Compiled by x344543 - IWW Environmental Unionism Caucus, April 7, 2017
A smorgasbord of news of interest to green unionists:
Afraid of losing their jobs, workers take over the business - By Anna-Catherine Brigida, Public Radio International, March 23, 2017 - Los Chanchitos is one of more than 300 Argentine businesses that have been occupied and converted into co-ops since the mid-1990s, when a crashing economy bankrupted thousands of companies. But now Argentina's co-op members are worried what might happen to their movement with a conservative government in power, rolling back some of the leftist policies that benefited them.
Agroecology, not Pesticides, is the Future for Food - By Eva Perroni, Foodtank, April 3, 2017 - The burden of these negative effects falls largely on farmers and agricultural workers, but also communities living near agricultural land, particularly those from impoverished areas. Children, especially those engaged in agricultural work, are most vulnerable to pesticide contamination, as exposure to even low levels of pesticides can dangerously harm their health and natural development.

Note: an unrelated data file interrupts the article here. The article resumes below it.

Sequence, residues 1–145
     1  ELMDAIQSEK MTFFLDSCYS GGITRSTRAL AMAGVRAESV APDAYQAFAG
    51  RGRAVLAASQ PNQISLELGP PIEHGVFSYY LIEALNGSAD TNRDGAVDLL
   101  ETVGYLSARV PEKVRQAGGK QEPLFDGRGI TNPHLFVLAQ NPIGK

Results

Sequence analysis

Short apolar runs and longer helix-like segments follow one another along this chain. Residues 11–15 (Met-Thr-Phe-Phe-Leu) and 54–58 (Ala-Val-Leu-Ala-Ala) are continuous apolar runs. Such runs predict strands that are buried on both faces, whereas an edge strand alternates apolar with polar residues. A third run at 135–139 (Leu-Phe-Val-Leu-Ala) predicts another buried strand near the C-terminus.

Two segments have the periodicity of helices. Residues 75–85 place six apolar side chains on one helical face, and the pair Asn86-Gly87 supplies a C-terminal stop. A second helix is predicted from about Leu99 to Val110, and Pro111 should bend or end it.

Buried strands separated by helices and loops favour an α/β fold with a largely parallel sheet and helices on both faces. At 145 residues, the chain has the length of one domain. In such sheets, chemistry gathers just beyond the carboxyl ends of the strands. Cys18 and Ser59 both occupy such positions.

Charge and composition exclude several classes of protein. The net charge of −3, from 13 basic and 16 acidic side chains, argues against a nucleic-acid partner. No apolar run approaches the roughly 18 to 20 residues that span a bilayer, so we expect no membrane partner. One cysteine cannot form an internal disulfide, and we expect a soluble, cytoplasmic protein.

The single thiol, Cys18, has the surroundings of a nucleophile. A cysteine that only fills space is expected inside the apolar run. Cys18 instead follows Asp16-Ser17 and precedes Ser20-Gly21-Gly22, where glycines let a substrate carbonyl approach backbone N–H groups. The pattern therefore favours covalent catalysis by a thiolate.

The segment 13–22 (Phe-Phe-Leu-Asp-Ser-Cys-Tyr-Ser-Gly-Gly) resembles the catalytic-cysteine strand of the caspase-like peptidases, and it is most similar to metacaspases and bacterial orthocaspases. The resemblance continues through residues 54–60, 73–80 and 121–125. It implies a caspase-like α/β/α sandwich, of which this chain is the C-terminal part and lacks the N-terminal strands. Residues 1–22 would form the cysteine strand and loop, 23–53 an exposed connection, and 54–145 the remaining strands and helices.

Building an Army to Fight Runaway Inequality - By Dan DiMaggio, Labor Notes, April 4, 2017 - On a recent trip to the Bay Area, he led a training with the Sierra Club, the Steelworkers, and CWA, which even took up the thorny question of alliance-building between environmentalists and labor.
As China's Coal Mines Close, Miners Are Becoming Bolder In Voicing Demands - By Rob Schmitz, NPR, March 14, 2017 - "This is a dangerous job," he says. "Accidents have killed dozens of workers here. We've risked our lives for this mine and we earn just enough to afford cabbage. Now we won't be able to take care of our parents or children."
Coalition of Immokalee Workers news:
Cities and states tackle clean energy, climate after Trump halts environmental action - By Robert Walton, Utility Dive, March 30, 2017 - The order may keep some plants online longer, but market forces are increasingly pushing marginal coal facilities to the brink. Adding to that, the coal industry is increasingly automated, so it's unclear how much a bump in production would impact employment.
Dairy workers call on Ben and Jerry’s to give them better hours and fair wages - By Esther Yu Hsi Lee, Think Progress, April 4, 2017 - In the state of Vermont and across the country, dairy workers and supporters of migrant farmworkers rallied outside the ice cream company’s storefronts on Tuesday to call attention to what they say are human rights abuses in the dairy supply chain.
Earth Day: Nearly 400 ‘March for Science’ Protests Scheduled Against Trump’s Climate Policies - By staff, Telesur, April 1, 2017 - The march signals a major political shift for scientists, who are often encouraged by their employers to refrain from publicly commenting on or participating in politics. But as Trump continues to implement policies that hurt the environment, political atheists are quickly becoming political activists.